There’s only one farmer that Iowa has ever declared a “habitual violator” of environmental laws: Austin “Jack” DeCoster. The Associated Press reports that one of DeCoster’s egg farms is now at the heart of a salmonella outbreak.
DeCoster gained control of this egg farm only after working around a ban issued in 2000 that meant to prevent him from establishing any new animal farms until November 2004.
Instead of waiting for the ban to end, it’s believed that DeCoster had his associates gain approval for a large egg farm in 2001, which went by the name Environ Eggs – the same egg farm connected to the salmonella recall.
Eventually, Environ transferred ownership to another company, Environ/Wright County Inc., which leases the farm to DeCoster’s company, Wright County Egg.
By 2007, DeCoster claimed outright ownership over Environ/Wright County Inc.
The Associated Press speculates that DeCoster used similar tactics to gain permits in other states:
In Ohio in 2004, state officials say DeCoster hid behind other farmers to get permits for an operation called Ohio Fresh Eggs. The permits listed two men who had put up just $10,000 apiece while DeCoster had pumped $126 million into the four farms, according to testimony in an administrative proceeding there.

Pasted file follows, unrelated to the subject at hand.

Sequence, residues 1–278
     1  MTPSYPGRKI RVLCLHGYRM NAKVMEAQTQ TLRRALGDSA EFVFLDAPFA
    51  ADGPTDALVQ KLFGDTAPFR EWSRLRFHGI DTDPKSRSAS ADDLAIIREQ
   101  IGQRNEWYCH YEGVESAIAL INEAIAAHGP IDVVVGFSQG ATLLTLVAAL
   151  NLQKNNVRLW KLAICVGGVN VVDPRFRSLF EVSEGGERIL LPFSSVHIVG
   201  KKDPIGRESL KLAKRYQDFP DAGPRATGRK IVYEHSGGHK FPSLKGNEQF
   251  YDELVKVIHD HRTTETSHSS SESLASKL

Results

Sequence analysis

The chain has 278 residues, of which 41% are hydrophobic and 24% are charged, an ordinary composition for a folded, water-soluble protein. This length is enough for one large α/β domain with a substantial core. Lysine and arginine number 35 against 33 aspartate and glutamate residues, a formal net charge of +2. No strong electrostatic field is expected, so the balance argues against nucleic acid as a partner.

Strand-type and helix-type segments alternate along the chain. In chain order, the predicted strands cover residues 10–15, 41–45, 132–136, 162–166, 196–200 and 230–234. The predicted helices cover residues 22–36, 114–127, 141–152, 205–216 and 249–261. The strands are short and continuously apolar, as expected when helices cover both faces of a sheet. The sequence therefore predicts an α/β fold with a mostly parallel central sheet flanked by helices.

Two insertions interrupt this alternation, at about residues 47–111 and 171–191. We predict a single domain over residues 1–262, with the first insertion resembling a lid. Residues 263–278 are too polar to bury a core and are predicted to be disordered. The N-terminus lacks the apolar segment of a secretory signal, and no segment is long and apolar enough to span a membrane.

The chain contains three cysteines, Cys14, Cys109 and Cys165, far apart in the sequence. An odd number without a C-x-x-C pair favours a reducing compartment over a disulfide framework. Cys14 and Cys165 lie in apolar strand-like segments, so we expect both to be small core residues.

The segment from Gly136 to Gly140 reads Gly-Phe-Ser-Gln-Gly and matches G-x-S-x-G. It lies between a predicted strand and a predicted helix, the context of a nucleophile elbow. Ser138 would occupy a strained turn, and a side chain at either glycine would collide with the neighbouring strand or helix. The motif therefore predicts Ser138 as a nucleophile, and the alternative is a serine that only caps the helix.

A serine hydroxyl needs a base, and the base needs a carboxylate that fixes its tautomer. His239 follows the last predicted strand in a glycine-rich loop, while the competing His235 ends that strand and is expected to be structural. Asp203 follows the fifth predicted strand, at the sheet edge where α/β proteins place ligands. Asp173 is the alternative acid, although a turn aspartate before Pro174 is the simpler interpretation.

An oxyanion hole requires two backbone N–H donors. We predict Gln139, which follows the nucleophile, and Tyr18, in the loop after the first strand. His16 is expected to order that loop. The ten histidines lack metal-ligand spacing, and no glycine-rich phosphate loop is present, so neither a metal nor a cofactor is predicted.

Ohio officials yanked the permits after learning about that, but an environmental appeals panel overturned that decision.
In the 1990s, DeCoster battled with Maryland officials who tried to shut down an Eastern Shore egg facility owned by DeCoster, who was accused of violating a quarantine by selling contaminated eggs.
DeCoster successfully sued the state in 1992, arguing that Maryland could not stop him from selling across state lines. He later received a suspended $500 fine for selling eggs from quarantined henhouses. He left the state in 1993.